ACTIVATING a liver cell protein that detects pathogens from fungus can make the cells “eat” cancerous cells, researchers in Japan announced in a study published late last month in the Proceedings of the National Academy of Science.
A research group led by Project Researcher Yoshitaka Kimura and Professor Tadatsugu Taniguchi at the University of Tokyo’s Institute of Industrial Science was investigating the process of metastasis, the spread of cancer from one part of the body to another, which is a major cause of mortality in cancer patients. The researchers focused on the liver, because the spread of disease to the liver is common among many kinds of cancers, resulting in a poor prognosis for patients.
The immune system plays a critical role in stemming liver metastasis, but the mechanism by which it does so is largely unknown, the researchers explained in their paper.
The researchers found that Dectin-2, a cell surface protein involved in the recognition of fungal pathogens, promotes the engulfment of cancer cells in the liver by what are known as Kupffer cells. Using mice lacking the Dectin-2 receptor, the scientists were able to demonstrate that the body’s natural immune system plays a role in suppressing cancer development in the liver.
The effect of the Dectin-2 protein is triggered selectively in the liver, the researchers said, since the immune response was not observed in mice with tumor growth under the skin or with lung metastasis.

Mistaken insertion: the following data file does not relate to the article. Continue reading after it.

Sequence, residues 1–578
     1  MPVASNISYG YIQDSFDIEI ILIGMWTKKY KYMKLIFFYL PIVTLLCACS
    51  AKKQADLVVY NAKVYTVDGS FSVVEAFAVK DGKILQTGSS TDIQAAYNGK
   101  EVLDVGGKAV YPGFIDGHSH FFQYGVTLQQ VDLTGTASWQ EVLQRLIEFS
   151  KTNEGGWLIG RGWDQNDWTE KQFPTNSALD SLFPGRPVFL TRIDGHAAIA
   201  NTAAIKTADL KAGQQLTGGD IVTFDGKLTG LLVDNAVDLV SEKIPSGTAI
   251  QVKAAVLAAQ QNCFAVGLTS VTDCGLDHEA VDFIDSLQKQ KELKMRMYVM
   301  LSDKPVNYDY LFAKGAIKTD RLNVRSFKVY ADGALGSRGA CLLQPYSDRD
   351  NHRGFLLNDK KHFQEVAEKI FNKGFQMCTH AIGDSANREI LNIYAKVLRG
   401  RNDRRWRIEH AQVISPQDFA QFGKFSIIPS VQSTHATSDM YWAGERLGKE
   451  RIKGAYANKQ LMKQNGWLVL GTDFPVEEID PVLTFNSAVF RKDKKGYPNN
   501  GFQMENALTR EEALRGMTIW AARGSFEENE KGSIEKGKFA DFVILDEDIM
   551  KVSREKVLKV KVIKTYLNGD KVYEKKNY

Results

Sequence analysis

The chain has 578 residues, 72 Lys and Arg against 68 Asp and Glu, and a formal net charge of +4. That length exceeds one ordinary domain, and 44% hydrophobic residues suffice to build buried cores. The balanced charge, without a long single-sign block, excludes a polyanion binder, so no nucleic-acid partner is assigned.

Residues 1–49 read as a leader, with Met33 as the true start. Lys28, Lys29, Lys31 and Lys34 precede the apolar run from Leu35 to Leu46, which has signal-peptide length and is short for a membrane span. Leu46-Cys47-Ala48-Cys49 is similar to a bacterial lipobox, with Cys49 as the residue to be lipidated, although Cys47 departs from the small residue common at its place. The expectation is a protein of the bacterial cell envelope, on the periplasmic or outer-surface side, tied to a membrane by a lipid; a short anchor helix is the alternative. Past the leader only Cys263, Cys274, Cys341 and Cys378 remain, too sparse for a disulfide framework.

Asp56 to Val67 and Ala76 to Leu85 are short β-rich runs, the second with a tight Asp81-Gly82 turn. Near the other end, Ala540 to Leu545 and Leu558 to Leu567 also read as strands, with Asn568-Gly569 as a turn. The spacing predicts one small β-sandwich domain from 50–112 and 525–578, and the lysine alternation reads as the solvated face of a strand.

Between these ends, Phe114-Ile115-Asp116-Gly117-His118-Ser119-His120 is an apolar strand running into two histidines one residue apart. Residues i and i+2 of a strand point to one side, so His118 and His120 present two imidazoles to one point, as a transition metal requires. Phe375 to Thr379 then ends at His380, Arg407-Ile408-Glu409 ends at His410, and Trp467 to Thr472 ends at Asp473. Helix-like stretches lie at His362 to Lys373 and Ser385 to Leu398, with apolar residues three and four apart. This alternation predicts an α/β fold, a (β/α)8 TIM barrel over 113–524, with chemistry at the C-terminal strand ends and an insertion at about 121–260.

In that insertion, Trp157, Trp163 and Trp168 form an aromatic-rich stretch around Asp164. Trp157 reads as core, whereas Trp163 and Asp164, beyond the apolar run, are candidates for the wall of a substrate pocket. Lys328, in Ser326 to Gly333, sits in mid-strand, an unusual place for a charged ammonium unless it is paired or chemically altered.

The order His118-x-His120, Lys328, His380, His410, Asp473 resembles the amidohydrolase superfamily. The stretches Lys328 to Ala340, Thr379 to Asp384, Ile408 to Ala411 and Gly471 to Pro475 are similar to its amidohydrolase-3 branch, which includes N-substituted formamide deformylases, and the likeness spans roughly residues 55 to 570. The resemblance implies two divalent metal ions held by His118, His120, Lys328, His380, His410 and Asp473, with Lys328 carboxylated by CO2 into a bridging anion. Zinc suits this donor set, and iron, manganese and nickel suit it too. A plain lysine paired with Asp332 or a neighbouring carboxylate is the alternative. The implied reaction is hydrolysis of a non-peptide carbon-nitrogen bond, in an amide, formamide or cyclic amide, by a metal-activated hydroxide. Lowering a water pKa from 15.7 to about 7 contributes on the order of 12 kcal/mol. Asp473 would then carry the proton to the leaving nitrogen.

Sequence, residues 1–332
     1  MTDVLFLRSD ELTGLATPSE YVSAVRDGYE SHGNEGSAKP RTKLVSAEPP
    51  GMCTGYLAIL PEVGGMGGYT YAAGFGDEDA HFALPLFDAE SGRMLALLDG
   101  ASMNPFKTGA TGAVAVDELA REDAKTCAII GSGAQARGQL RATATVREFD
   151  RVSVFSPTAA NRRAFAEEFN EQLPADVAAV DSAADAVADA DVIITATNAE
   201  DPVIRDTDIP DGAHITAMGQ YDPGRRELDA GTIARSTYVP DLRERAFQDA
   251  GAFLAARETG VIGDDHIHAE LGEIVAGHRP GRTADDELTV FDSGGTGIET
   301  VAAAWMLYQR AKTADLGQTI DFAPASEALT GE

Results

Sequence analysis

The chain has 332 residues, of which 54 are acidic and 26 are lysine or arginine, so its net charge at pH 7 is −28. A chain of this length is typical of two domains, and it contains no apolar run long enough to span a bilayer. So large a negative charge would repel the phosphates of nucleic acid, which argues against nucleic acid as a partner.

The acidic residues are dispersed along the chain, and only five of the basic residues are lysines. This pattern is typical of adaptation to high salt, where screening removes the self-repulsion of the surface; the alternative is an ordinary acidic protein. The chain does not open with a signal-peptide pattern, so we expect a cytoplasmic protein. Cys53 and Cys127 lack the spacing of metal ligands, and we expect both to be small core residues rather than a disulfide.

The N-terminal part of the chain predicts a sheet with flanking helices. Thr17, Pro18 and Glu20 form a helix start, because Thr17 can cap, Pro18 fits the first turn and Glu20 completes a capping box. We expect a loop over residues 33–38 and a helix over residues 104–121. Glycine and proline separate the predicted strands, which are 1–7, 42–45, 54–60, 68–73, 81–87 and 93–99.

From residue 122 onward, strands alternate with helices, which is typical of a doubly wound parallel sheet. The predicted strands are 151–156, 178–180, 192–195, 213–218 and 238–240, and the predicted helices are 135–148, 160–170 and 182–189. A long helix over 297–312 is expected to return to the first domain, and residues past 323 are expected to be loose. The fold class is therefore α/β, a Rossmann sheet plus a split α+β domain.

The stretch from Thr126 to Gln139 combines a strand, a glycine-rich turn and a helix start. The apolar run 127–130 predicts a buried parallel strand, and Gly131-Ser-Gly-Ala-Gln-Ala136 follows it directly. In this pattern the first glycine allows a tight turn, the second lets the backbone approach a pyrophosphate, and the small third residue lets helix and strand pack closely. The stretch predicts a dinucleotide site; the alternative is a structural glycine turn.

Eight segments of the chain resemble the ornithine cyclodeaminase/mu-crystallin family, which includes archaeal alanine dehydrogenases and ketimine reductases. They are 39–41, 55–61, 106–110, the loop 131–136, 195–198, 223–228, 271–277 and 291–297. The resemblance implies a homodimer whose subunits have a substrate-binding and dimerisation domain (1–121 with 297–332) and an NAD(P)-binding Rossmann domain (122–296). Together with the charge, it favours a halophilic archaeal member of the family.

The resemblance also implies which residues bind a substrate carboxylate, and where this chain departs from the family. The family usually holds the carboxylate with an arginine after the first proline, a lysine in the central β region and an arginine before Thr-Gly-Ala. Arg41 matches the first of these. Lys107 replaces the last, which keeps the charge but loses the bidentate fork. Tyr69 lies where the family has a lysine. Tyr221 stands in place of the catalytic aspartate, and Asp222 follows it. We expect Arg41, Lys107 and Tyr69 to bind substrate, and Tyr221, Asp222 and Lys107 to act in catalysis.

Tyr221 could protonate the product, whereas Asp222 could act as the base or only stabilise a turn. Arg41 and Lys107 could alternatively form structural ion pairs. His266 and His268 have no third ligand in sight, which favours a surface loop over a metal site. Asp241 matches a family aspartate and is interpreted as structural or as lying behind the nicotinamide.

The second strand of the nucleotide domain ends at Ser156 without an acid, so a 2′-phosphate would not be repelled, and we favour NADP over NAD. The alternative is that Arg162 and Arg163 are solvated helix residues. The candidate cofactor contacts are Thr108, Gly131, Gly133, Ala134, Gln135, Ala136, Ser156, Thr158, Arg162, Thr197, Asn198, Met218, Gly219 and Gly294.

The researchers also found that MCL, a receptor known to bind with Dectin-2, works synergistically with Dectin-2 to suppress liver metastasis.
“Dectin-2 is well-known for the key role it plays in protecting against disease-causing agents such as the Candida fungus,” said Taniguchi. “I found it very intriguing that the protein serves an important function in eliminating cancer cells as well.”
The research team said that possible extensions of their work could involve searching for other cell proteins in other parts of the body that have a similar effect on cancer cells, which could eventually lead to new treatments for the disease.
The study was carried out in collaboration with scientists from Chiba University, Kyushu University, and Tokyo University of Science.